My wife has OCD (Obsessive Christmas Disorder). It is a condition that endears me to her all the more each year as she decorates our house and fills it with all the smells and sounds of the Christmas season. And why not, after all it is the greatest holiday of the year. While every other holiday receives a day or a weekend of celebration, Christmas gets the entire season following Thanksgiving and throughout the month of December. And, of course, it is a season filled with what has been referred to as the ‘Christmas spirit’. Our cultural atmosphere seems to marinate with anticipation and hope for something special…something supernatural…something that makes everything better than it has been. For Christ followers we know the merriment of this season revolves around the birth of Jesus. For others, the season is merry and bright, and yet somewhat lacking in clarity and purpose.

So in the handful of weeks we have before us, I want to draw our attention back to the sacred simplicity that supplies all the merriment and beauty of this season. Paul sums it up well when he writes of the Messiah’s birth in Galatians 4:4-5: 

But when the fullness of time had come, God sent forth his Son, born of woman, born under the law, to redeem those who were under the law, so that we might receive adoption as sons.

The Old Testament narrative with its covenants, the law, the sacrificial system and much more, all seem to demonstrate the need for a Messiah. But not just a Messiah for the Jewish people, rather He would come to set the whole world free. You see the miracle of Christmas is that the birth of Jesus would mean the new birth for all who believe. The coming of the Messiah would mean the deliverance of Jew and Greek, those free and those who were slaves.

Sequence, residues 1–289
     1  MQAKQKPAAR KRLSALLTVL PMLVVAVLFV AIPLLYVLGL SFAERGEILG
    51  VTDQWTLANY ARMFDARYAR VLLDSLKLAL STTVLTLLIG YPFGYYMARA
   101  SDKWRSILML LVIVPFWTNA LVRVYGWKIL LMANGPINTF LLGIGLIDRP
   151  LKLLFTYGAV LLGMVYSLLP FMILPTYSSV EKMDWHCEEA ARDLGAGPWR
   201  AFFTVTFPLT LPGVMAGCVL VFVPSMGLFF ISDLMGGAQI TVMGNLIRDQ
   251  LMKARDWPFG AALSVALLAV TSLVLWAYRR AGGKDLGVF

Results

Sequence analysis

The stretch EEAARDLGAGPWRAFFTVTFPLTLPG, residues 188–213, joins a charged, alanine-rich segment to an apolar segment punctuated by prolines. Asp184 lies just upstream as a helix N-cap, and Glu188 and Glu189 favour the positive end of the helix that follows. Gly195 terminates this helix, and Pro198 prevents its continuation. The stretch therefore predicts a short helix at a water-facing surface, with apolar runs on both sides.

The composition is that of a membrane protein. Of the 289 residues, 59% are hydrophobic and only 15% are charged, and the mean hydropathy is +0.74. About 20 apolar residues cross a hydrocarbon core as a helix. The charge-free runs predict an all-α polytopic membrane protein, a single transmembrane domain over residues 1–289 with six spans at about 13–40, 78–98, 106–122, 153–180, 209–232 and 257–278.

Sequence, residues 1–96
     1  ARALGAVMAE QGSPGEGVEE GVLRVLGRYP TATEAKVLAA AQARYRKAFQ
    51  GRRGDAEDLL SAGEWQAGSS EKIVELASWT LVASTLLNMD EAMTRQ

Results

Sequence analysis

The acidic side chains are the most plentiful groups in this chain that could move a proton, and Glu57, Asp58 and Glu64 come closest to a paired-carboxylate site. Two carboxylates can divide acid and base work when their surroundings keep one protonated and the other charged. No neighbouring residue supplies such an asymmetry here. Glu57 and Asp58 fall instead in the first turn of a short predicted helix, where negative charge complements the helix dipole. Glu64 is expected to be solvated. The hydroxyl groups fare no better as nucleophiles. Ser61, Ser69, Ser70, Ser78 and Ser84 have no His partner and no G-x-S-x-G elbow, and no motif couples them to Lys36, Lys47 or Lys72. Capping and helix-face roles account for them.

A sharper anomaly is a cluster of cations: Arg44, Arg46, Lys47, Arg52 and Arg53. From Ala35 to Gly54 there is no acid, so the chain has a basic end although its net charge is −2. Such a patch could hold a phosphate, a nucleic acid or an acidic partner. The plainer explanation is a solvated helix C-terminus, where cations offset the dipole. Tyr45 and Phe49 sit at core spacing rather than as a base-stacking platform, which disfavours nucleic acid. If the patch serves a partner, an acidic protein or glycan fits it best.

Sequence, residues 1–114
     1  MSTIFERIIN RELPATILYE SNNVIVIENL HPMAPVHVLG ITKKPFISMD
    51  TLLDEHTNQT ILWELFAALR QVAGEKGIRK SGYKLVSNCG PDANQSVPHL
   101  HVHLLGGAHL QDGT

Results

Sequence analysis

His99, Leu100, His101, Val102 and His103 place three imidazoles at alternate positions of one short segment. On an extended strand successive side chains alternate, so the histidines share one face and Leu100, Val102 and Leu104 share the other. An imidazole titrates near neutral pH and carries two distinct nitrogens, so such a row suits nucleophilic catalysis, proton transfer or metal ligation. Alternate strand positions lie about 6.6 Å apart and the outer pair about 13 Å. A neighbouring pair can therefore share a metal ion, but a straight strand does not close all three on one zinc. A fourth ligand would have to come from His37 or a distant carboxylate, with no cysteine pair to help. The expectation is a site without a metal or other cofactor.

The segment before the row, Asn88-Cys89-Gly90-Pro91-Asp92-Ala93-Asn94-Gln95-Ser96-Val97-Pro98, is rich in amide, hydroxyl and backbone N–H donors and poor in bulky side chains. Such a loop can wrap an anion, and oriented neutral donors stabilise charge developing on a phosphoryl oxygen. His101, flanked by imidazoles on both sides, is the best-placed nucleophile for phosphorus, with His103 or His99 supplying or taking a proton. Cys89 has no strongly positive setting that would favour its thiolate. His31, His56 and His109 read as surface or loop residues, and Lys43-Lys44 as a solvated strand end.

The temporary access provided through an altar and sacrificial system in the Old Testament, gives way to the continual presence of the Savior under a new covenant. The altar where animals were sacrificed has now been replaced with a Redeemer who has been crucified, once and for all.

 That is why the angel said to the shepherds on the night of Christ’s birth:

 Fear not, for behold, I bring you good news of great joy that will be for all the people. For unto you is born this day in the city of David a Savior, who is Christ the Lord.

Let us never forget that Jesus was born as the Savior who would redeem, and make possible our adoption as sons and daughters of God. We no longer journey to an altar so that a someone could sacrifice an animals blood on our behalf. When Jesus was born, the altar came to us for he is Immanuel (meaning ‘God with us’). God’s great provision for our lives is God’s enduring presence in our lives. You see the great miracle and meaning of Christmas is that in Christ the altar becomes our address. 

 

 

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